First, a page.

• Immutable objects can be shared freely: Since the state cannot change there are no concerns with sharing immutable objects. If your object represents a Widget right now it will still represent a Widget in the future as well. This means that we don't need to make defensive copies. This also allows you to cache commonly created objects and just return those every time they are requested (potentially with a static factory). This can speed up the creation of the objects as well as decrease memory pressure.
  • Not only can you freely share object but internals as well: This seems more of a niche item but it does seem interesting. Because the state doesn't change you can share the internal state between different objects. The example given in the book is that the BigInteger object has a sign bit to signify if it represents a positive or negative number. If you wanted to negate the object all you need to do is create a new BigInteger with the sign bit flipped and then reference the rest of the original object's state.

So there are a lot of benefits to immutable objects. What about the downsides and how can we mitigate these downsides.

Changing anything in an object requires creating a new object: Creating many new objects just to change a tiny bit of state can be expensive, especially if the objects are large. This can get much worse if there are multiple steps to mutating the state as this will leads to creating many, potentially expensive, objects.

So how can we mitigate this? If there are common operations that a user may want to do on your object you can handle the multiple step process for them. This works great if you know ahead of time what kind of operations users will want to perform. What if you don't? Another option you have with this is to create a mutable companion class that the user can perform the mutation on that then can can be used to create the immutable class. An example of this would be the StringBuilder class and it's ability to efficiently create String objects.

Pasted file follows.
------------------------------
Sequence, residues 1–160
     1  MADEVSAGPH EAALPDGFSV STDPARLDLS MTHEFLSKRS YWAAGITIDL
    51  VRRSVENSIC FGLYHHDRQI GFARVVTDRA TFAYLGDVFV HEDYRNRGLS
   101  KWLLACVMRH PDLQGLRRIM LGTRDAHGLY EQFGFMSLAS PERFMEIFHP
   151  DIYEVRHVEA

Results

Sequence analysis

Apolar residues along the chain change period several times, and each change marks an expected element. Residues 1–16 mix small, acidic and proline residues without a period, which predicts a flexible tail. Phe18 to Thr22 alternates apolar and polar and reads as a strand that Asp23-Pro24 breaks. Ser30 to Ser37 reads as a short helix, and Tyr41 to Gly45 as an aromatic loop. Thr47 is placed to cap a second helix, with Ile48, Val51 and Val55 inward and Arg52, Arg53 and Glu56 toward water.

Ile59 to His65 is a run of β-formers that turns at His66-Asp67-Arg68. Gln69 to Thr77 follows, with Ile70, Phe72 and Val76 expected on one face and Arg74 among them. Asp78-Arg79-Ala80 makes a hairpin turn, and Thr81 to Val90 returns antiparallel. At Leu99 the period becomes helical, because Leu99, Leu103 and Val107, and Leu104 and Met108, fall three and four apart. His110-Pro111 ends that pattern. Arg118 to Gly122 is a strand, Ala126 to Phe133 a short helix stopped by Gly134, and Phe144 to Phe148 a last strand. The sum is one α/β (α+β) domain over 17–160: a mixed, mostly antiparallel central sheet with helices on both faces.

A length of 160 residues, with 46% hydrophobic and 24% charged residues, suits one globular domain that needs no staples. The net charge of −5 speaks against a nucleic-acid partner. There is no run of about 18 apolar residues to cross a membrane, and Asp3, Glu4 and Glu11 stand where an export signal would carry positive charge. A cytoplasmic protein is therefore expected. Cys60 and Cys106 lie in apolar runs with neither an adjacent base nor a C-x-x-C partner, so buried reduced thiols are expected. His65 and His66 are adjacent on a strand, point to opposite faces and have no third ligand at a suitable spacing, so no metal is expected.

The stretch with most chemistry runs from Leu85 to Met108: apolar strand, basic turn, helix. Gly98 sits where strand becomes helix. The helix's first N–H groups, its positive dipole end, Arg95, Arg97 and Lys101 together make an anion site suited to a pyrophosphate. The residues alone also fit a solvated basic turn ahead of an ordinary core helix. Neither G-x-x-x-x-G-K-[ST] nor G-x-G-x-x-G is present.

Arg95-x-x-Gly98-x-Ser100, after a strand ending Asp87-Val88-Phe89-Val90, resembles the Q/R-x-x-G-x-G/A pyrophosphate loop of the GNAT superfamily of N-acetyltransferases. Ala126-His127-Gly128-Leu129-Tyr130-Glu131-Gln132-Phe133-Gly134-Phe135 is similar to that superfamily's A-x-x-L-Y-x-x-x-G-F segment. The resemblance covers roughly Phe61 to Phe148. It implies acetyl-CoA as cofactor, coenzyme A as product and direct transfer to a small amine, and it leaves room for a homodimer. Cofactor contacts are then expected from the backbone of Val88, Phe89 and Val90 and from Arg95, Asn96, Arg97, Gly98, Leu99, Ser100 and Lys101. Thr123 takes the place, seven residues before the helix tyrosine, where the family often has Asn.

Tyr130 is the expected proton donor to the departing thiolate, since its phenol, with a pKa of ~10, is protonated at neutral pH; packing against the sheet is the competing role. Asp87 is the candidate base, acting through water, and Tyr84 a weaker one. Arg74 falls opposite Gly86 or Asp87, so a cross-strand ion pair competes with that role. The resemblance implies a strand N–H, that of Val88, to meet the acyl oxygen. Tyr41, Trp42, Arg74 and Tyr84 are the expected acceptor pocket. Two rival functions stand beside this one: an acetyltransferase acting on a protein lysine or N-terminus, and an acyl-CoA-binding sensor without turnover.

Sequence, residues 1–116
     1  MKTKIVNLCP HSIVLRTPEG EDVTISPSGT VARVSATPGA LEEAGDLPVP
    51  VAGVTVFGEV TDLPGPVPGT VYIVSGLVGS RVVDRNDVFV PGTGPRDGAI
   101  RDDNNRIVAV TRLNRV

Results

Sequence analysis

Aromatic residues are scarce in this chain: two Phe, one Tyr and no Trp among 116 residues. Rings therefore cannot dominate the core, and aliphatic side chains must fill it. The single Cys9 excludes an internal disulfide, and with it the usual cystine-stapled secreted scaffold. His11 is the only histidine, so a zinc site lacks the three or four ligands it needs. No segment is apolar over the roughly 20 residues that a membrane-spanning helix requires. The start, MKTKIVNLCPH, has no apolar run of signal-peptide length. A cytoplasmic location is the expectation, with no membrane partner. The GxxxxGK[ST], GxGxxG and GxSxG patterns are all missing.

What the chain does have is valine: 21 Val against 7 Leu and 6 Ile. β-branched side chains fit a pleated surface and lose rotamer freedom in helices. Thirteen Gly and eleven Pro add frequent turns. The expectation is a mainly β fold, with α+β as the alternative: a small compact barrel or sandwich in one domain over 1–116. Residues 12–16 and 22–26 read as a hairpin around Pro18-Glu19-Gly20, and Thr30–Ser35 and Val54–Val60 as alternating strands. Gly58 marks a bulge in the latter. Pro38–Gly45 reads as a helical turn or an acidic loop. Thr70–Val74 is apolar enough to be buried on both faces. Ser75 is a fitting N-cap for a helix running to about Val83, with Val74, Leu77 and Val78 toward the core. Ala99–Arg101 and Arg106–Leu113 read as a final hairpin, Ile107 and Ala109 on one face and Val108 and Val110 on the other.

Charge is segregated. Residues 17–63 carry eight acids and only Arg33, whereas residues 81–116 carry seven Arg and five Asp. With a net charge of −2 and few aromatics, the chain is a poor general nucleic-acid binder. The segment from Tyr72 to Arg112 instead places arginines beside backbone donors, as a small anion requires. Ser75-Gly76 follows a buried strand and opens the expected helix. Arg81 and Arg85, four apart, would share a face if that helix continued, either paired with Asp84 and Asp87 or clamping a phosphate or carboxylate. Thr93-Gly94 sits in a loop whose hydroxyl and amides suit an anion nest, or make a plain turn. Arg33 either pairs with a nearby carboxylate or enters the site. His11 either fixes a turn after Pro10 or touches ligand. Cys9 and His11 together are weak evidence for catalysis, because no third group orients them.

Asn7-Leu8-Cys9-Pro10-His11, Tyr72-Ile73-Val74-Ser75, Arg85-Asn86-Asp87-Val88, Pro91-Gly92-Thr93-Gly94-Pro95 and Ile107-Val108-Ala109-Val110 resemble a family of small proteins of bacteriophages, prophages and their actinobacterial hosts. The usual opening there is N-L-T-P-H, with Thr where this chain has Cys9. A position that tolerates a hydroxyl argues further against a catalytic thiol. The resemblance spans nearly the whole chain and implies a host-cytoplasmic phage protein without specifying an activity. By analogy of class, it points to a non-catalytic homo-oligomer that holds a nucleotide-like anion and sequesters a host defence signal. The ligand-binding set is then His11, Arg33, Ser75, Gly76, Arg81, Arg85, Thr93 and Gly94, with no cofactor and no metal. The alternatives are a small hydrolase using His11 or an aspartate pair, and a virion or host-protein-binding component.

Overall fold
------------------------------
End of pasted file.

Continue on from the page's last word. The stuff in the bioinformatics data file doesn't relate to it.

Let's discuss a few last things.

One alternative to making your class final is to create private constructors and instead depend on static factories to create your immutable objects. This gives you options in the future to subclass the class and also optimize for performance later.

Another thing to keep in mind is, although above we mentioned that the state cannot change, only the externally facing state cannot change. That means we can cache internally data as long as the values returned are consistent.

As always I like to mention how Lombok can help us achieve our goals. Immutable objects are no different. Lombok includes a @Value annotation that you put on your class that will make your class final, create a constructor that takes all of your private final member variables, doesn't generate setters, and also generates many of the other boilerplate items for you (hashCode, equals, toString). While just adding this annotation won't magically make your class immutable, it will get you well on your way with taking care of the boilerplate of the class in an immutable compatible manner.

One final thought is to always create immutable objects unless there is a reason not to or you can't. Even if you can't make your object entirely immutable try to make them as immutable as possible.

And there you have it. Immutable objects. They do make things simpler and can make our code much easier to use.